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2 hours ago, WendyCR72 said:

Besides 9/11, though, I think this was when simple age was just starting to sprout up. Let us remember, by 2001-2002, the show was already 12 seasons in. It's a testament to the writing (and likely writer turnover to keep things fresh!) that the show made it another 8 seasons, but on an average show, 12 seasons would show strain/cracks, and I think the Mothership wasn't immune. I think what helped it from going completely off the rails and managing to redeem itself was that the cast stayed fresh throughout the series, too. So you could use new characters with different reactions or mindsets from their predecessors.

I'd have to agree with this. I think that they had done almost 250 episodes and felt like they had covered just about every social issue and every famous crime (and they were probably right!) and were kind of casting about for anything fresh. Which was probably one reason that national security vs. civil rights and terrorism were so prominent - not only was the subject dominating the headlines they were ripping from, but it was providing stories they hadn't done twice already. I think the point about characters changing is well taken too - one of the reasons that the last couple of seasons were so good was not only that the actors were all great, but with new ADAs and new detectives they really felt free to reuse premises and stories since only Van Buren and McCoy were around from when they had been done before.

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True, but I'd argue that all three fed off each other at various points. There'd be obvious tangents and tweaks, but I'd sometimes see the same story done on two out of three of the shows. If the story it was ripped from was really famous or whatever, all three would often put their spin on it.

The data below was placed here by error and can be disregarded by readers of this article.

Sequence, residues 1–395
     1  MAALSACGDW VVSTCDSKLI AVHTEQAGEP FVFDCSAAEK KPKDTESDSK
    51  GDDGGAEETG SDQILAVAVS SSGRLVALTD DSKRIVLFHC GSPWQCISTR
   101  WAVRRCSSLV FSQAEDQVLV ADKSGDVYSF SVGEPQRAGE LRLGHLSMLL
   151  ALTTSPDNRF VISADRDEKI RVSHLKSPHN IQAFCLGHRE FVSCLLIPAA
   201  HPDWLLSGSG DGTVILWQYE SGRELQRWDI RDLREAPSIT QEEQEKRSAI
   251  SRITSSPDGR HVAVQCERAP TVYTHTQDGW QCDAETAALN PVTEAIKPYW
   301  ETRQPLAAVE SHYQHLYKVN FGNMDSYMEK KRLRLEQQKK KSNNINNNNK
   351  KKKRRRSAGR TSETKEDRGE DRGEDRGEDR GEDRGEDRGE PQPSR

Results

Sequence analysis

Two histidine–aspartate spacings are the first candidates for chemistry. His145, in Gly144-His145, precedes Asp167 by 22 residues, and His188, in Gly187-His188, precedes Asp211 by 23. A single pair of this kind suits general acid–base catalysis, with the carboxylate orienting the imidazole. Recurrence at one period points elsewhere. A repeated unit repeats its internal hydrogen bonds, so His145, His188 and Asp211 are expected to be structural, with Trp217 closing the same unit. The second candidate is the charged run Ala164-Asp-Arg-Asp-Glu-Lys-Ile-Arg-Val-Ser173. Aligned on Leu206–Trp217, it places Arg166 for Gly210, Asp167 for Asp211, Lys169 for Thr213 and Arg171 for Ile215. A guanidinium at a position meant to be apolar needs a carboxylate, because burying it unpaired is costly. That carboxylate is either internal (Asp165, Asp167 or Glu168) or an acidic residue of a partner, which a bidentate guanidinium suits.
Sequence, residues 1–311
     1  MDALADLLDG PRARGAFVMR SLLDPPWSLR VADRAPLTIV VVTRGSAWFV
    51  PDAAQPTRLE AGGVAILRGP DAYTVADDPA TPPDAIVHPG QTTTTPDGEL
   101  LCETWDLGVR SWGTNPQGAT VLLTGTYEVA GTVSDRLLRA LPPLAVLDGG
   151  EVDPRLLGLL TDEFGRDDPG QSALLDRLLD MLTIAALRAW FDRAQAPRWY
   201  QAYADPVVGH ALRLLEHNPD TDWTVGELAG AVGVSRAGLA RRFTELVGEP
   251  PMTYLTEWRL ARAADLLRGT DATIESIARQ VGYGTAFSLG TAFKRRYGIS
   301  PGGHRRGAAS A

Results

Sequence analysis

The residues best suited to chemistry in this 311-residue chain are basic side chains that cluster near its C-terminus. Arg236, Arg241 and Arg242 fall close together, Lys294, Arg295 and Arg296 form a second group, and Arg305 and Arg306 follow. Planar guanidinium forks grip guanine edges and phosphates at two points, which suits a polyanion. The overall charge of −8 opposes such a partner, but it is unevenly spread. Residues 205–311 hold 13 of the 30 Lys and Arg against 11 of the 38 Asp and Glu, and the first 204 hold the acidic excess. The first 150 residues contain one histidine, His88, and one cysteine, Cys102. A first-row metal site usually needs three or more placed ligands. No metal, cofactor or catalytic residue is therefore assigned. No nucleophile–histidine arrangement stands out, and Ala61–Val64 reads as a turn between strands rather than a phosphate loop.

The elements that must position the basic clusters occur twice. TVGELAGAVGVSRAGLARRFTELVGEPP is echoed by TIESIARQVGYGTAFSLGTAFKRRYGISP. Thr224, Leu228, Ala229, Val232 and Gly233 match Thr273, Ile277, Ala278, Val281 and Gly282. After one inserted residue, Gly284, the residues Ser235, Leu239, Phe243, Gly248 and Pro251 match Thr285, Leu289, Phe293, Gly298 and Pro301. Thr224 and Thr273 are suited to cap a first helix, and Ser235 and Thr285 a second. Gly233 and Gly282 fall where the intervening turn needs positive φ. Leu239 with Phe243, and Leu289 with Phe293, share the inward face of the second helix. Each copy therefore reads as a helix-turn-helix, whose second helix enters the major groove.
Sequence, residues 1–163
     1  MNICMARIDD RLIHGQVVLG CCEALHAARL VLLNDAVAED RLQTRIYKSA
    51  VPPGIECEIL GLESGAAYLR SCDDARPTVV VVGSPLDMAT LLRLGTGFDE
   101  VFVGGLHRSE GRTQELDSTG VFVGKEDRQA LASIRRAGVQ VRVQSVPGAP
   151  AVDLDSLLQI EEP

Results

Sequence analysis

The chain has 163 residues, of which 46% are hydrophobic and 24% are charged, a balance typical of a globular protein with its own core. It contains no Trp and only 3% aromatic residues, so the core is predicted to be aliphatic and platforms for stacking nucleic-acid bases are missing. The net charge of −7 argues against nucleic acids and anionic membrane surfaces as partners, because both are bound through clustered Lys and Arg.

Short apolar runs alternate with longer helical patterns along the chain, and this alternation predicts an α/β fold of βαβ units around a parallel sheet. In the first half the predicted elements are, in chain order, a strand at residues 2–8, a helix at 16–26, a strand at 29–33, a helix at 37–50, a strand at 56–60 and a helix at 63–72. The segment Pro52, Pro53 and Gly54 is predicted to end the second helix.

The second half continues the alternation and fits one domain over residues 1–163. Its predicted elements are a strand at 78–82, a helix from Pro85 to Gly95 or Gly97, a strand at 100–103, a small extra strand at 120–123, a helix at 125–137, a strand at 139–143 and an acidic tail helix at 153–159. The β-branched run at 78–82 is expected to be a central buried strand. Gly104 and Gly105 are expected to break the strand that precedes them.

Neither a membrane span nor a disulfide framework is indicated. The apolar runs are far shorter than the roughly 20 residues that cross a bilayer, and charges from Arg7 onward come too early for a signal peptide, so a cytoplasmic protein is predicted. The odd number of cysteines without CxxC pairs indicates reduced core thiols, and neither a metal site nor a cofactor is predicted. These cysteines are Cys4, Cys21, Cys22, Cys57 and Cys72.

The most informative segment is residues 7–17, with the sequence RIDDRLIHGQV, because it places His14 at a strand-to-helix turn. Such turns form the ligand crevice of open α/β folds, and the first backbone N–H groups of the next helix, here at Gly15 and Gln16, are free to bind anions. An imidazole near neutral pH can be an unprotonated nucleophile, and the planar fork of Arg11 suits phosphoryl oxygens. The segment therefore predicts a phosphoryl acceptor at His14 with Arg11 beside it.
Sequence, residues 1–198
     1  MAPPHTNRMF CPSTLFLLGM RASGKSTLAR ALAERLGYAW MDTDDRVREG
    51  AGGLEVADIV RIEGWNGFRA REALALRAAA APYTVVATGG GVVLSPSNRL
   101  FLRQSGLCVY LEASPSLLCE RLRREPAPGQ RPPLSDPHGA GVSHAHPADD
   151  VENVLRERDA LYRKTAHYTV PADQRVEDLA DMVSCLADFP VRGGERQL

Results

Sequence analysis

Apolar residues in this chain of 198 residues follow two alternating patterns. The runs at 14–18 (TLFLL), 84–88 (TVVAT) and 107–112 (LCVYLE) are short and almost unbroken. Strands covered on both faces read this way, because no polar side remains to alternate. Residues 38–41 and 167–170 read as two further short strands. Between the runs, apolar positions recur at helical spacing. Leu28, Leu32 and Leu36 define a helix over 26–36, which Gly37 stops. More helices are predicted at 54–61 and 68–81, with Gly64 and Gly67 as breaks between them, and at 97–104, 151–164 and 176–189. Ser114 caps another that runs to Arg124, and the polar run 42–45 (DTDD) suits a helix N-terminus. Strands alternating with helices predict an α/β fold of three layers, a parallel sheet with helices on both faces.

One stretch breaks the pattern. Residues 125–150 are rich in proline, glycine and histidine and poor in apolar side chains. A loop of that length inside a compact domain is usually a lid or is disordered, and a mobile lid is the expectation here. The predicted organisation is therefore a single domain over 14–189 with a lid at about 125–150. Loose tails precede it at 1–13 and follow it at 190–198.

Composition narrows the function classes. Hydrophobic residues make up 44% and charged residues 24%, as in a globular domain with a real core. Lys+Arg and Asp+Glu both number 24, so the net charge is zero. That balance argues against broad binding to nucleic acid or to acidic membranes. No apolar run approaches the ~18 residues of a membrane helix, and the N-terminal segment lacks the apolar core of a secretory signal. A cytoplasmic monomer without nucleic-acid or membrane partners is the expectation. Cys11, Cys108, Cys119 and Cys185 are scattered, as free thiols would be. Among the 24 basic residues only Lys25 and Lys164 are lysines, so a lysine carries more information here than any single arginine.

Very true.  I want to say all three L&O's at the time did their own version of Jayson Blair.  Though I agree that the show really did seem to struggle with post 9/11 storylines, and obviously Elisabeth Rohm wasn't exactly lighting the screen on fire with her acting.  And that doesn't even get into the Mao-jacket blandness of Nora Lewin.  That isn't to say that I liked DA Foghorn Leghorn, but at least he had something of a personality.      

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6 hours ago, txhorns79 said:

Very true.  I want to say all three L&O's at the time did their own version of Jayson Blair.

Out of curiosity, since it was an interesting topic, I looked this up. Law & Order original recipe covered Blair in Season 14 in the episode, "Bounty". And Law & Order: Criminal Intent covered it in the Season 3 episode, "Pravda".

No mention of SVU covering this. But, yeah, two out of three there, too!

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Out of curiosity, since it was an interesting topic, I looked this up. Law & Order original recipe covered Blair in Season 14 in the episode, "Bounty". And Law & Order: Criminal Intent covered it in the Season 3 episode, "Pravda".

No mention of SVU covering this. But, yeah, two out of three there, too!

That's a my bad then.  I thought all three had done that story.  Though all this talk of Serena has definitely gotten me wanting to end all my conversations with: "Is this because I'm a lesbian?"     

Edited by txhorns79
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Does anyone else want to talk about how Lenny rocks bootcuts, or is that just for me and my therapist?

 

2017-12-29-lo-action-lennie.jpg